- I want you to imagine that you are financially secure, that you have enough money to take care of your needs, now and in the future. The question is, how would you live your life? Would you change anything? Let yourself go. Don’t hold back your dreams. Describe a life that is complete, that is richly yours.
- This time, you visit your doctor who tells you that you have five to ten years left to live. The good part is that you won’t ever feel sick. The bad news is that you will have no notice of the moment of your death. What will you do in the time you have remaining to live? How would you live your life differently than answered in the first question?
- This time, your doctor shocks you with the news that you have only one day left to live. Notice what feelings arise as you confront your very real mortality. Ask yourself: What dreams will be left unfulfilled? What do I wish I had finished or had been? What do I wish I had done? What did I miss?
Reflecting on the answers the above questions allow you to see clearly the vision for your life. If that picture isn’t clear yet, take more time to reflect. In reflecting on what our vision is for our life, we are clarifying what our own version of our best self looks like.
(Above questions taken from George Kinder, Money Maturity)
Building Goals that Match Your Vision
With an understanding of the vision we see for ourselves, we can begin to build goals and objectives. Remember that goals are the destinations we want to reach in our journey along the way to living out our vision. Objectives are the milestones and directions we plan to take.
When setting goals, we should always ask ourselves the question, “Is this goal going to help me live my vision?” If the answer is no, we’re wasting our time. If the answer is yes, we’re on the right path. Sometimes this reflection is painful and causes us to have feelings of regret or disappointment. If we establish our vision, the goals to live that vision and the objectives to reach those goals early in our lives, we’ll live with more intention in our actions and avoid much of the feelings of regret and disappointment.
Setting goals should be a cyclical process – completed on a regular process. Evaluating goals should be a continuous process – completed each day as you reach towards those goals and your vision.
My Goals for 2020
Well, if you’ve read this far, hang in a little bit longer because here are my goals for 2020:
Seek Healthy Lifestyle I’d like to be more active, more aware of my choices, and reflect on the choices I do make. Some active things I’m doing are eating less fast food, getting the garage set up as a home gym and use it 2-3 times a week (nothing crazy, but 40-60 minutes of cardio and light weights, or time on the rowing machine), and getting out to golf a little bit more this year.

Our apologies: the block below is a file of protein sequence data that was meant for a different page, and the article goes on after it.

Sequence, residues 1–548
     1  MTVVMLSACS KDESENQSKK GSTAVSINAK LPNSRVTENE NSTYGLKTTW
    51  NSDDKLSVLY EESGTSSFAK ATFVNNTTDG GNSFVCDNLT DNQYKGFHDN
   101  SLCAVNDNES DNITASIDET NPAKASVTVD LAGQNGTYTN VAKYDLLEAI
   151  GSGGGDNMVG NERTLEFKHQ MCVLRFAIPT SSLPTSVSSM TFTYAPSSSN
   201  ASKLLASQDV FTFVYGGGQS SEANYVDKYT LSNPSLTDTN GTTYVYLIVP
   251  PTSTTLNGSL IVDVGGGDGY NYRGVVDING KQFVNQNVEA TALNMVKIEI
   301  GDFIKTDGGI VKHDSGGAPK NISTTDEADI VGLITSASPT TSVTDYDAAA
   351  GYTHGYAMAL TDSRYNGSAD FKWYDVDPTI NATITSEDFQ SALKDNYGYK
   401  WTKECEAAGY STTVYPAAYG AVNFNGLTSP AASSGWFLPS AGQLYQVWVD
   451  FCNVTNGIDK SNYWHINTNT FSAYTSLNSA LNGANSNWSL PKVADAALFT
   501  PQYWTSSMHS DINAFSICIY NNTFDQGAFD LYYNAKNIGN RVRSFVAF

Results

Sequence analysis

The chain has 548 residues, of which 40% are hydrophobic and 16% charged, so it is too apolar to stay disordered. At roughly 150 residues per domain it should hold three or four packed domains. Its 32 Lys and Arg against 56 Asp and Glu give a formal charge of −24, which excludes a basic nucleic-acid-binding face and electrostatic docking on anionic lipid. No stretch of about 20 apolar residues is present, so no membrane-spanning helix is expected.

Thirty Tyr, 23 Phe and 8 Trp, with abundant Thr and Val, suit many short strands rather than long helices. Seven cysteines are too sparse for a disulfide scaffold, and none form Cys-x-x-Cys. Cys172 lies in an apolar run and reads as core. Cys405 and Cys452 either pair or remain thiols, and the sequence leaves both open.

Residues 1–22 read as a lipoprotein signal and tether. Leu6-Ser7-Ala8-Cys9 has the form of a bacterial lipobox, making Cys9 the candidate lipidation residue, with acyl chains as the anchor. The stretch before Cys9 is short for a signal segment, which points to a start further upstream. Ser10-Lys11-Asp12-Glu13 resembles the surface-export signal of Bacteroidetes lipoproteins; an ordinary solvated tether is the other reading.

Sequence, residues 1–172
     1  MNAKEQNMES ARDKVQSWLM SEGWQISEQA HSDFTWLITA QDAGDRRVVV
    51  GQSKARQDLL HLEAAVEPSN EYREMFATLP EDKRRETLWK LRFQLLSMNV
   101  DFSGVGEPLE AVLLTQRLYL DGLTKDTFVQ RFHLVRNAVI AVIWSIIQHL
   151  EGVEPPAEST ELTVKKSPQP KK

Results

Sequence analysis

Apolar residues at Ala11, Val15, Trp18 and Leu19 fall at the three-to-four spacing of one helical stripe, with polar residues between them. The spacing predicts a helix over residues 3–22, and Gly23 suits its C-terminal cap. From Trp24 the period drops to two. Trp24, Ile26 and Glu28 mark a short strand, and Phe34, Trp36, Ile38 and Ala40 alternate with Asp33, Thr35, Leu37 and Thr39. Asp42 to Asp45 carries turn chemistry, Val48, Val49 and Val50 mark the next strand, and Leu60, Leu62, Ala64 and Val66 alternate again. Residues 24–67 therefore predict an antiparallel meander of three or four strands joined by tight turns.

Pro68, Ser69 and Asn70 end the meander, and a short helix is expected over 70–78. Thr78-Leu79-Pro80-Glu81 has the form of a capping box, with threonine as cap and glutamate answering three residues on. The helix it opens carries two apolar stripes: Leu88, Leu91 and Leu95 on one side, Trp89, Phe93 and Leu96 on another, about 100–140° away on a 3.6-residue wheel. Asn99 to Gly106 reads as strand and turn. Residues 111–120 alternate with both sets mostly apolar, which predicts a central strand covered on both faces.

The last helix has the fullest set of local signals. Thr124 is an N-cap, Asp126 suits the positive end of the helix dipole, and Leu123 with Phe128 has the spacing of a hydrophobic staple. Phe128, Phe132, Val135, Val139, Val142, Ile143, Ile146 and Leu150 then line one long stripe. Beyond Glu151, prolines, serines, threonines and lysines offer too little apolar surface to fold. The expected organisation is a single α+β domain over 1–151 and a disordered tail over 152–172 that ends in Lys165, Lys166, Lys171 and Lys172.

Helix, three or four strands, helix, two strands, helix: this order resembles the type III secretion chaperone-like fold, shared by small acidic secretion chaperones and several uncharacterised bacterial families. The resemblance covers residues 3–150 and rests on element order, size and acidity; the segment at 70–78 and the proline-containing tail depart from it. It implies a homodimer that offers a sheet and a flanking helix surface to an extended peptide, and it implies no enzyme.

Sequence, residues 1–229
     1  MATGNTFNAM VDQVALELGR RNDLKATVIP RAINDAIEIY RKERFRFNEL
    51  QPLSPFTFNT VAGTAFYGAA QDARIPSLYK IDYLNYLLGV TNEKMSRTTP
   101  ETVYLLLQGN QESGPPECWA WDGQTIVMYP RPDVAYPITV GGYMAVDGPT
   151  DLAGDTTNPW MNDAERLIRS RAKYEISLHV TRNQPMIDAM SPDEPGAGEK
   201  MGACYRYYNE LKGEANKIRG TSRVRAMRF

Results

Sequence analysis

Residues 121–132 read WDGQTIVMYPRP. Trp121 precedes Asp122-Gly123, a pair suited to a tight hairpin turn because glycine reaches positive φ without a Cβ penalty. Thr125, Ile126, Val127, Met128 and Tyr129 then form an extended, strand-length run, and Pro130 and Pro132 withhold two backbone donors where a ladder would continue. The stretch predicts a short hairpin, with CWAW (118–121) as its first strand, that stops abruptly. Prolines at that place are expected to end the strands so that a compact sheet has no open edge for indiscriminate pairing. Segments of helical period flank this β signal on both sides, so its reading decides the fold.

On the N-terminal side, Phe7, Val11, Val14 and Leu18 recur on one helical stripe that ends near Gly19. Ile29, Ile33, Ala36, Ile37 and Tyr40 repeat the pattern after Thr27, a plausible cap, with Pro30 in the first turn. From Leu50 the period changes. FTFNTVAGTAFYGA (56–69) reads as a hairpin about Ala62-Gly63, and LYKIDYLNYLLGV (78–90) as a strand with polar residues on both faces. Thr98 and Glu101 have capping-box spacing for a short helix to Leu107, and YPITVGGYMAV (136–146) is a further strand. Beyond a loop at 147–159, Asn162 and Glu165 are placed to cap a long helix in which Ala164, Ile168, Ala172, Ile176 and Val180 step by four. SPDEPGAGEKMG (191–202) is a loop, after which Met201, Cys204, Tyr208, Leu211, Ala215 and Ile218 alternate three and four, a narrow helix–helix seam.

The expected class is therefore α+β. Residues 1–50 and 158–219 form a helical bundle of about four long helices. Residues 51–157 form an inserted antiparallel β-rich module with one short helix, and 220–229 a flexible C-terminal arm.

Seek Knowledge I’m in a doctoral program, so reading a lot is par for the course. I’d still like to read 10+ books (not journal articles!) this year. I have a shelf full of books on subjects ranging from qualitative research methods, teaching pedagogy, deaf mental health, child development theories, organizational leadership, and even my own mental health. I’ll do my best to update here what I’m reading and my reflections.
Seek Scholarship This is a lofty goal – I’d like to submit at least 4 academic projects for publication consideration this year, complete the first complete draft of my Personal Finance textbook, and draft the outline of a new book that’s been kicking around in my head for a while. This is definitely going to stretch me, but I’m working on a new organization and time management system that I think will really help me stay focused.
Seek Service I’ve been a board member with the Financial Therapy Association since 2018. Last year (2019) we accomplished so much, including launching a new certification in Financial Therapy, growing our membership, and becoming a little more focused on long-term growth. I’m excited for 2020 with the continued development of advanced certification in Financial Therapy and to continue my role as Treasurer in helping the organization grow into the new decade.
Seek Fellowship This is a big one for me. I struggled with this in 2019, mainly from over committing myself to projects that didn’t align with my goals and vision. I really want to be more present with my friends and family, spend more time with my spouse, and ultimately be more conscious about where/how my time is spent and with who. This could range from my professional relationships, mentoring students, engaging with my doctoral cohort, and those who I just like to kick back with and watch a good movie or game.
Hopefully this helps you in your own journey to seek the best version of yourself through setting goals this new year (and decade!).